Cryptocurrency Primer

Bilzin Sumberg Publication
January 26, 2022

We’ve previously written about the push for greater regulation of digital currency and a growing number of lawsuits targeting cryptocurrency companies and their celebrity endorsers. Notwithstanding cryptocurrencies’ increasing social, financial, and business prominence, many interested parties are still left wondering: what is cryptocurrency, really? What is blockchain technology? And what are the early legal issues that market participants need to be aware of as more and more money pours into this budding Wild West? We aim to broadly address these questions in this article.

  • What is cryptocurrency?
    • A cryptocurrency is a digital medium of exchange that can be sent directly, instantly, and securely. Cryptocurrencies are secured by cryptography, which is a system of digital signatures and complex algorithms used to protect against counterfeiting. Cryptocurrencies utilize blockchain technology to allow for secure, online, peer-to-peer transfers of digital assets without the need for a third-party intermediary like a traditional banking institution to facilitate and verify the transaction. Generally, cryptocurrencies are not issued or overseen by any central authority.
  • What is blockchain technology?
    • A blockchain is a distributed database that records information electronically. As the name suggests, a blockchain is, literally, a chain of “blocks.” A block is a set of information in a database. Blockchain technology plays a critical role in maintaining decentralized, transparent, immutable records in cryptocurrency systems.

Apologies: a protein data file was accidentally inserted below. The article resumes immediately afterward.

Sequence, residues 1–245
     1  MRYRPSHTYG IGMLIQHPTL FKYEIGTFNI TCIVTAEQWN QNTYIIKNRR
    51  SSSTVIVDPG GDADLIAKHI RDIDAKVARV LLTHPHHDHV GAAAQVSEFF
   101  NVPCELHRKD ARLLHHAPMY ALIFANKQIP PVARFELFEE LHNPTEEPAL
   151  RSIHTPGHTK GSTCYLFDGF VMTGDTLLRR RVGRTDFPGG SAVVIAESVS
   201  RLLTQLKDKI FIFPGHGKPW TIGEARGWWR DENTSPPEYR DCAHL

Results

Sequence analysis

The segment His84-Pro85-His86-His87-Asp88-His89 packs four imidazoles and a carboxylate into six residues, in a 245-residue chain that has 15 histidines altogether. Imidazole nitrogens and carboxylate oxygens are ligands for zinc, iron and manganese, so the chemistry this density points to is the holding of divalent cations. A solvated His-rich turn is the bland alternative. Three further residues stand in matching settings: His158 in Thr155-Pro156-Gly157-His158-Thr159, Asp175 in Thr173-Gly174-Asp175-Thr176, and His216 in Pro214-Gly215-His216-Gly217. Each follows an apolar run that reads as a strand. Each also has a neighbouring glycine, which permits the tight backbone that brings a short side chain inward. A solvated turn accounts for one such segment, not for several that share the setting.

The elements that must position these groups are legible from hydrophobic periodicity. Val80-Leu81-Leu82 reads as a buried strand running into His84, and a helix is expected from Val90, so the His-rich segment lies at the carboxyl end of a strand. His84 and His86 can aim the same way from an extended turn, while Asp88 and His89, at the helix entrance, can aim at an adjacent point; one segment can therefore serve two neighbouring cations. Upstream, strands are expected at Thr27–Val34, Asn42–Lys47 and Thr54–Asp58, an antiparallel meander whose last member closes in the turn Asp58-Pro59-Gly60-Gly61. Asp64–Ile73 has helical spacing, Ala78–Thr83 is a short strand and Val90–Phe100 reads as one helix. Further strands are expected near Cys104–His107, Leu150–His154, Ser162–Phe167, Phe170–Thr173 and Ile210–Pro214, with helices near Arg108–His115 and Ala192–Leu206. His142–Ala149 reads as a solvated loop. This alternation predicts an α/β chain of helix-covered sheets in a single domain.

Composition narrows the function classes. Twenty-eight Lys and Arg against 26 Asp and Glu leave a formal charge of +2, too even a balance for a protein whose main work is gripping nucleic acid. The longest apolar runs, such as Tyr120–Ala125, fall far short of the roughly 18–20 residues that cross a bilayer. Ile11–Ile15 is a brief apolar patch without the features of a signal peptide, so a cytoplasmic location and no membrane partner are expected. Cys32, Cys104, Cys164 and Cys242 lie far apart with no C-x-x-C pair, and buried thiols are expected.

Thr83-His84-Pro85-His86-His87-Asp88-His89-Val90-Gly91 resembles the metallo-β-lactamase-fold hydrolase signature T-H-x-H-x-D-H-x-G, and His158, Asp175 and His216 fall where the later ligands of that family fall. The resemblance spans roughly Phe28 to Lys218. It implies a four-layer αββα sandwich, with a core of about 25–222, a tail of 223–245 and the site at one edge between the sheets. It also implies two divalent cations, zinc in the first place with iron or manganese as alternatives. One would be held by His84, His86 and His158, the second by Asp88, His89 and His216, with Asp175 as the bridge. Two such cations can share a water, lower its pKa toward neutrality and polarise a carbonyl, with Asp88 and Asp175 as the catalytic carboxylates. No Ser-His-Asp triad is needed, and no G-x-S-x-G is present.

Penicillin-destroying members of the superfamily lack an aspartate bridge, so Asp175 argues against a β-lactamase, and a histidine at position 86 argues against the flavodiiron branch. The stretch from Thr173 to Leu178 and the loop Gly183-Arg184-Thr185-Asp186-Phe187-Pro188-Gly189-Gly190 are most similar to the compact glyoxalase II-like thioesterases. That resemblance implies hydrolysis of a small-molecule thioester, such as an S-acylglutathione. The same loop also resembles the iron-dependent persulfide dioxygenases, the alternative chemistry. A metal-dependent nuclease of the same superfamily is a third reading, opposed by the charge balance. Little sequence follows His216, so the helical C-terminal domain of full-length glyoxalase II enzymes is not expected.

• Cryptocurrency blockchains display blocks of transaction information on a publicly available electronic ledger (using a system of identifiers that preserves the parties’ anonymity). Once on the public ledger, users authenticate transactions through “mining.” Mining (or proof-of-work) is the process through which users leverage their computational capacity to solve complex math problems, thereby verifying transactions and facilitating the release of additional cryptocurrency supply into circulation. Each authenticated block of records reinforces each previously authenticated block (thus creating a chain of blocks, or a blockchain), which in turn allows information to be digitally transmitted and recorded, but not altered. Put differently, each verified transaction on the blockchain necessarily requires a re-verification of each previous transaction and thus continuously ensures the chain’s accuracy. This immutability has also allowed blockchain technology to support the creation of non-fungible tokens (NFTs). 
  • What are examples of popular cryptocurrencies?
    • Bitcoin is a cryptocurrency that uses blockchain technology to allow for secure peer-to-peer transfers of its version of digital cash. Bitcoin came into existence in 2009 and is widely believed to be the first application of blockchain technology. Miners earn bitcoins for solving problems and thus authenticate blocks of transactions and release additional bitcoins into circulation. By design, there are a fixed number of bitcoins that will ever exist.